Z. Zane McNeill: As Christopher McJetters has written, “A lot of people (once again, usually white) think it’s prudent to de-politicize veganism because attaching veganism to politics makes it complicated and fussy.” De-politicizing vegan and making it a ‘plant-based diet’ actually does us a disservice, though. Vegan politics is about breaking through our cognitive dissonance and recognizing the power structures that impact us, animals, and the environment. Veganism is integral to destabilizing those systems of violence that sustain each other.
Sisters Aph and Syl Ko have written on the necessity for vegans to recognize that structures of oppression—white supremacy, speciesism, the carceral state, capitalism—are interconnected. A commitment to fighting all of these interconnected structures is what Julia Feliz has termed “consistent anti-oppression.” Vegan politics are at the intersections of battles for worker’s rights, environmental justice, food sovereignty, restorative justice, and queer liberation.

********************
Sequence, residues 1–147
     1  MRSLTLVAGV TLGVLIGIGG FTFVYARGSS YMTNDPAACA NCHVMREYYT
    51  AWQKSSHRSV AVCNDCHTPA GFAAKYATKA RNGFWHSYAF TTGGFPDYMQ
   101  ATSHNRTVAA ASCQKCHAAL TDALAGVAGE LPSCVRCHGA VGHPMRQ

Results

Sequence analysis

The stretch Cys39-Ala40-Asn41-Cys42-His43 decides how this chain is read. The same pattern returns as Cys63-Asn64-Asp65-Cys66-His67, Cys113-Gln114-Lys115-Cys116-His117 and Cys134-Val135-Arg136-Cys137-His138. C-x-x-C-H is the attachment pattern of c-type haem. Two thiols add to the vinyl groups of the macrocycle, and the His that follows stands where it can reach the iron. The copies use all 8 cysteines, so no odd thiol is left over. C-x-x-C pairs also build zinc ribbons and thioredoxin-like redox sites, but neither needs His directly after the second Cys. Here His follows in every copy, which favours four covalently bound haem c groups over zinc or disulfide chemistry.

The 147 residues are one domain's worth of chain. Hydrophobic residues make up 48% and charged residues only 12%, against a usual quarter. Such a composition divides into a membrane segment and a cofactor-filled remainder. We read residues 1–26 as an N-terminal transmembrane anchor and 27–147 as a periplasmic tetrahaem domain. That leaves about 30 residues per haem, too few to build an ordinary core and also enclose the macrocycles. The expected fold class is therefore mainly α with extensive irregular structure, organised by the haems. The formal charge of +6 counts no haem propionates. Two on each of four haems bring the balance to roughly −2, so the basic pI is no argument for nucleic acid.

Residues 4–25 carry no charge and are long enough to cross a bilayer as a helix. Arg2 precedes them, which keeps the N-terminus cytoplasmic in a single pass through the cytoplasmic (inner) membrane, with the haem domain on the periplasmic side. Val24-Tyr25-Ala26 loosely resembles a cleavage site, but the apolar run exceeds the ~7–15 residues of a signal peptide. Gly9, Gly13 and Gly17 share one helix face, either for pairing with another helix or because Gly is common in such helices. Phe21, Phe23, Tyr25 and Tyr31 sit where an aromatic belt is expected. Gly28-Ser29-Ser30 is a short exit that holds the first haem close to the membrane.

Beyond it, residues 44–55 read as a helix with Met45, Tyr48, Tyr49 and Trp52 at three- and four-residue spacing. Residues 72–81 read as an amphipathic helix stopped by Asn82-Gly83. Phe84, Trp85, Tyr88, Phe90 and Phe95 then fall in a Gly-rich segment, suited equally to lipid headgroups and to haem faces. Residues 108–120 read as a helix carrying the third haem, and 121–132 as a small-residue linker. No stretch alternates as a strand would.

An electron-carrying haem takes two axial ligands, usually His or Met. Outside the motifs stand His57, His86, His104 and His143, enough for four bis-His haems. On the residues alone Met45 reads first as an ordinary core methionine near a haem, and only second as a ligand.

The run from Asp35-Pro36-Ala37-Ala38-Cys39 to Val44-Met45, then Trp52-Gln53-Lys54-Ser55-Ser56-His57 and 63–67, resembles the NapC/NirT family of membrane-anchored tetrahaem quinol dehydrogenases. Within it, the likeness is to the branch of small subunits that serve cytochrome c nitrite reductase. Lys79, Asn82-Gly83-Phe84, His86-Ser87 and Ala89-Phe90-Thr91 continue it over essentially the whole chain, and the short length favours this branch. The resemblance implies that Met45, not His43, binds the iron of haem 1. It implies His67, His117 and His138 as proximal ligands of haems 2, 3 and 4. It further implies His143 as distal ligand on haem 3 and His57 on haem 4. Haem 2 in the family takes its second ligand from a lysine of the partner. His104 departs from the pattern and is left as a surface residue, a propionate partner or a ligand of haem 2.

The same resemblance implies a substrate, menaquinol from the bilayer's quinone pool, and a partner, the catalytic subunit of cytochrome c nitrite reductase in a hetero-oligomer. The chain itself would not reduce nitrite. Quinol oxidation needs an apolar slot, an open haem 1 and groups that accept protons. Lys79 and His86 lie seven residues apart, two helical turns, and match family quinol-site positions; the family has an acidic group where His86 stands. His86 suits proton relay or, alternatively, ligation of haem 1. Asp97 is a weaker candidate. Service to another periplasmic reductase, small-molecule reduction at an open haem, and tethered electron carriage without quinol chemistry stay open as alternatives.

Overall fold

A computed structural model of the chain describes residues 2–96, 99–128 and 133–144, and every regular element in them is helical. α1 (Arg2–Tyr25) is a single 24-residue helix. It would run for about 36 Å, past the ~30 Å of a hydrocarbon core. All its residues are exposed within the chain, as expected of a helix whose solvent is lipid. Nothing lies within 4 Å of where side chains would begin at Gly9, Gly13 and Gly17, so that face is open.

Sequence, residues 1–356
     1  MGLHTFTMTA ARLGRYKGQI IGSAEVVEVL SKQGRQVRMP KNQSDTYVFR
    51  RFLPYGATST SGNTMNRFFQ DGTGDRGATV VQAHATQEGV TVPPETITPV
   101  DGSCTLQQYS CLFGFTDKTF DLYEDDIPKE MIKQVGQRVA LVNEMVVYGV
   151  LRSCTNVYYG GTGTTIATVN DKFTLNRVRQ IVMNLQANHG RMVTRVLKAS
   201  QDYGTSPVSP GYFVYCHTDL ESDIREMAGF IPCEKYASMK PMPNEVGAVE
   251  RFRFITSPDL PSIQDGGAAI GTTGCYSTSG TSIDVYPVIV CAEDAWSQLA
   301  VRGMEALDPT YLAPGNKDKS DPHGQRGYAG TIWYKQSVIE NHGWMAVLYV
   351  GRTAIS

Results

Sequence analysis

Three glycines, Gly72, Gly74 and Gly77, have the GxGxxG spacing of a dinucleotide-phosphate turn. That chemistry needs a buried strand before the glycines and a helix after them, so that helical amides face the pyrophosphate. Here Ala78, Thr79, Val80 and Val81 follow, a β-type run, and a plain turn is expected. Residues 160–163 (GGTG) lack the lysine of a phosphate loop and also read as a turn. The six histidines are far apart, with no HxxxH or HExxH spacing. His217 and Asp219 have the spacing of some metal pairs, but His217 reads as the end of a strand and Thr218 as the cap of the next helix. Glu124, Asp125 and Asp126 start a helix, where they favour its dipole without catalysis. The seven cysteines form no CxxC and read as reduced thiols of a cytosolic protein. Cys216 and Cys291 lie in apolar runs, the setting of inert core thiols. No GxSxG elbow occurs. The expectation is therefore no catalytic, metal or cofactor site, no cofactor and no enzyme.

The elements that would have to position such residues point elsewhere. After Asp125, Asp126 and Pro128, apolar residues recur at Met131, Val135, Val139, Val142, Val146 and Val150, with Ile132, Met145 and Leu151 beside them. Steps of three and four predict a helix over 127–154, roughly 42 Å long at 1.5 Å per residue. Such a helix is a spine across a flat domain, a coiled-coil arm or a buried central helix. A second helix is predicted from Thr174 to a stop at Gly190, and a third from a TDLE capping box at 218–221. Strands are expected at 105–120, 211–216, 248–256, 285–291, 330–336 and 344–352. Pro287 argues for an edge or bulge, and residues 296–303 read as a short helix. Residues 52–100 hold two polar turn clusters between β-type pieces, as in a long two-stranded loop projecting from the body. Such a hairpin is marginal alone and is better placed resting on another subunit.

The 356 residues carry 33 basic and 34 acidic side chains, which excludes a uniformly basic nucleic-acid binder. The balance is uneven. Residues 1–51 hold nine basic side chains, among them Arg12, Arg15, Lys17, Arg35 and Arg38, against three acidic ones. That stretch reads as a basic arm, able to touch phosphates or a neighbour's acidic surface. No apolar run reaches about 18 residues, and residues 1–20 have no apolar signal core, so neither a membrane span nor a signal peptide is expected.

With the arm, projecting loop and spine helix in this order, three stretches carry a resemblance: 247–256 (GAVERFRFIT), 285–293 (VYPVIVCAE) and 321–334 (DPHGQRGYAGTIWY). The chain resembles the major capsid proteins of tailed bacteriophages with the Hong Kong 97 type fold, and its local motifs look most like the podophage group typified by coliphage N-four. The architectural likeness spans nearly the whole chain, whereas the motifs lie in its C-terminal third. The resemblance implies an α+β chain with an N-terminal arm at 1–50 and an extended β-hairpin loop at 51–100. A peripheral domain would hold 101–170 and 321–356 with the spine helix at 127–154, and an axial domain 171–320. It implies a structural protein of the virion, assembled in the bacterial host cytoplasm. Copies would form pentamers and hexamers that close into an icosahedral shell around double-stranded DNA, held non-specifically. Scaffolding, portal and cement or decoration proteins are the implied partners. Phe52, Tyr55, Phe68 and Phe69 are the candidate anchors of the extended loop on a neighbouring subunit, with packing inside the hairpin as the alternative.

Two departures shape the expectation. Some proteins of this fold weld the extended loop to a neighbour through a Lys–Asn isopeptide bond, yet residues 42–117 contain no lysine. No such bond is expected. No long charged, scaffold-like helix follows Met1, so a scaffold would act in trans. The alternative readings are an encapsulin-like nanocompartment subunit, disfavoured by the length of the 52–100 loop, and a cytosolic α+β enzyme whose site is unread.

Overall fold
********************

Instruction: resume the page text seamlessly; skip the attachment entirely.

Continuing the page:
As Syl Ko has written, “a serious commitment to anti-racism will involve a deep commitment to animals.” Similarly, to be vegan, to do vegan politics, you must be anti-racist. Otherwise, you are upholding, sustaining, and perpetuating systems of white supremacy, which also are inherently speciesist and promote the oppression of non-humans, as well.
In contrast to the type of political veganism you’re advocating for, I’ve seen plenty of veganism that could be called apolitical. Typically what I’m referencing is very food and consumer focused, and doesn’t concern itself with larger systems of power. Do you think there’s any harm in this kind of veganism?